Sep 2016 - 2nd edition

Sugar tax aims to shrink obesity

Written by Noluthando Mkhize and More Matshediso
As part of ensuring that South Africans are healthy and live longer, National Treasury has proposed a tax on sugary drinks.

Finance Minister Pravin Gordhan announced the proposed tax during his Budget Vote speech earlier this year, indicating that the new law will come into effect from 1 April 2017.

The main aim of the tax is to reduce the nation’s sugar intake, reduce the incidence of obesity and ensure that South Africans lead healthy lifestyles.

South Africa is looking to decrease obesity by 10 percent by 2020.

Obesity is a global problem that is contributing to the growing burden of non-communicable disease (NCD) ,including heart disease, diabetes, and some cancers.

According to National Treasury, the problem of obesity has grown over the past 30 years in South Africa, resulting in South Africa being ranked the most obese country in sub-Saharan Africa.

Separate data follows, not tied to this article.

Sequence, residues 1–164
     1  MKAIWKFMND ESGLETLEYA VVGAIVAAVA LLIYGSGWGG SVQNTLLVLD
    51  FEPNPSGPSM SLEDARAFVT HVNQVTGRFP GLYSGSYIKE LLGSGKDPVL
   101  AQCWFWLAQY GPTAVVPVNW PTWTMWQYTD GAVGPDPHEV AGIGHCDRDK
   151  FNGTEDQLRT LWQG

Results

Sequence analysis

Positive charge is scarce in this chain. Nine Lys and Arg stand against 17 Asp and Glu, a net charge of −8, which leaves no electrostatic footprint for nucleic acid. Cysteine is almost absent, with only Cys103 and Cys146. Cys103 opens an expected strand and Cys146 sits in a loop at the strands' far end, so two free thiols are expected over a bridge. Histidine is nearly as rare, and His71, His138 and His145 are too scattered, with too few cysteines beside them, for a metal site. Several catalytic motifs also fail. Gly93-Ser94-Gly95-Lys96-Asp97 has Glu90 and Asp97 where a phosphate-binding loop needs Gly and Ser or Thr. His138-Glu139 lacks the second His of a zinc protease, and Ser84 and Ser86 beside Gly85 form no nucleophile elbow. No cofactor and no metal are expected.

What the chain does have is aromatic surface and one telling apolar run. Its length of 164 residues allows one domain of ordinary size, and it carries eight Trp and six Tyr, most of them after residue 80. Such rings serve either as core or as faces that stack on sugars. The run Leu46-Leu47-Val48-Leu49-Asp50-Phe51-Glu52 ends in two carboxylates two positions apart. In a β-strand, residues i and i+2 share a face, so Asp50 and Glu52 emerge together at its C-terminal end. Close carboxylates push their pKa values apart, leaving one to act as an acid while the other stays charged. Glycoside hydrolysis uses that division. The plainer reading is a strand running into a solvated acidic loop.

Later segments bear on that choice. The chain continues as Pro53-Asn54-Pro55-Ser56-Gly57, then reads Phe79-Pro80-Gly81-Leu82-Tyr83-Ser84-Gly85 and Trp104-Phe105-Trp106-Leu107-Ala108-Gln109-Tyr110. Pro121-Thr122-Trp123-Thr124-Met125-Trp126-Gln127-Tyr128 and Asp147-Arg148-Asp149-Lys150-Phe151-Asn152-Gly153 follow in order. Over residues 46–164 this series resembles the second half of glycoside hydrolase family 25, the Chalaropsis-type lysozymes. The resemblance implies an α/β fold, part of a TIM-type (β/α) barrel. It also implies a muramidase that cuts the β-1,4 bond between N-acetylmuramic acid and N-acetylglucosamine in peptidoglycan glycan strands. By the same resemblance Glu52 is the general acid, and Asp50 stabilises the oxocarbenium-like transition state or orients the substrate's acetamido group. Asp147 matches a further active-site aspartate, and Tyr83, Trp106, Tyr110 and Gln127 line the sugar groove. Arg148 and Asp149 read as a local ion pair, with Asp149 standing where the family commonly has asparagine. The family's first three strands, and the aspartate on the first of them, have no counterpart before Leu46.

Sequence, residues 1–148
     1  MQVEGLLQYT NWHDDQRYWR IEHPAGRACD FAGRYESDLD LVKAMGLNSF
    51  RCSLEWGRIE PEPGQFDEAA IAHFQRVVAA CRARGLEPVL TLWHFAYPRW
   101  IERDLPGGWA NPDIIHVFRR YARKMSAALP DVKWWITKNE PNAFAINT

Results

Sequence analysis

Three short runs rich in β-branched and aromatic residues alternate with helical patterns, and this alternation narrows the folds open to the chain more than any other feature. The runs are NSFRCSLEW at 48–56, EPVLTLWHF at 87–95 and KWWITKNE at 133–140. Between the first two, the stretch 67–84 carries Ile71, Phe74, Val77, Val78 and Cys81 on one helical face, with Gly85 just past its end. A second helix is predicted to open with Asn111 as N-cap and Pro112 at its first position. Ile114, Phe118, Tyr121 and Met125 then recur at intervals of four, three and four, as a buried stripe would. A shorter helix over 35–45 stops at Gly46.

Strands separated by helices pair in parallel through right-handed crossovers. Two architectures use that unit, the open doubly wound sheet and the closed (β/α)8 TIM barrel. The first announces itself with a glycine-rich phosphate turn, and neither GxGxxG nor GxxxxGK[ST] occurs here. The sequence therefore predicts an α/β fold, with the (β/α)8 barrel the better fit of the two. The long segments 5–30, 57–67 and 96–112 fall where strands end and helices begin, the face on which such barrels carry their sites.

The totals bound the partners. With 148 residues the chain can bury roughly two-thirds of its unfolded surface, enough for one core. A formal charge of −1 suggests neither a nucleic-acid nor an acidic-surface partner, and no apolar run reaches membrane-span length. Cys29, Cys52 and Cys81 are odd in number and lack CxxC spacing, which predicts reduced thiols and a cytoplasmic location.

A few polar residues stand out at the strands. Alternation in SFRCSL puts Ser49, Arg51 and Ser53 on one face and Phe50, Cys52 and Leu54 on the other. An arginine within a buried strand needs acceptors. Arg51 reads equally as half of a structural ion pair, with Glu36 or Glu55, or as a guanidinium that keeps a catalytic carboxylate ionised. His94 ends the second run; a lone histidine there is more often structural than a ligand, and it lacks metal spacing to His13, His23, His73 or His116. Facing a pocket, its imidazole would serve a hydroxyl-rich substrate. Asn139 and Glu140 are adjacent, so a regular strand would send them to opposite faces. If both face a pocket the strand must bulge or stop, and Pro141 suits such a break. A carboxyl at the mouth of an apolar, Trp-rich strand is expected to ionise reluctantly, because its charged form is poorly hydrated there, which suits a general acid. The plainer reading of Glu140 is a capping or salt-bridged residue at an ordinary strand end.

According to the Department of Health, the tax will help reduce the epidemic increase in the incidence of NCDs and oral health problems.

“There is good reason to believe that taxes are an excellent mediator of consumer behaviour,” said Popo Maja, spokesperson for the Department of Health.

He added that without the tax, the consumption of soft drinks was projected to grow by 2.4 percent per year.

This trend will affect poor people predominantly and can lead to a 16 percent increase in obesity by 2017, of which 20 percent will be attributable to sweetened drinks.

He added that sugar also had a negative impact on dental health and related costs.  

“While we do not have exact costs in South Africa the treatment of dental diseases is expensive, consuming 5 to 10 percent of health-care budgets in industrialised countries.

Drinking just one sugar-sweetened drink per day increases an adult’s likelihood of being overweight by 27 percent and a child’s by 55 percent.”

The World Health Organisation’s (WHO) guidelines recommend that adults and children reduce their intake of free sugars.

The Commission on Childhood Obesity, set up by the WHO Director-General, recommended that taxes on drinks sweetened with sugar would be an important mechanism to reduce childhood obesity.

“It is important to note that 330ml of soft drink has around eight teaspoons of sugar and therefore just one cold-drink would take the full recommended sugar intake a day. Many other foods and sauces added to food also contain sugar,” Maja said.

He added that such a tax will send a clear message to the public and raise awareness about sugar so that consumers are equipped to make healthy choices.

For more information on the proposed sugar tax visit:


Share this page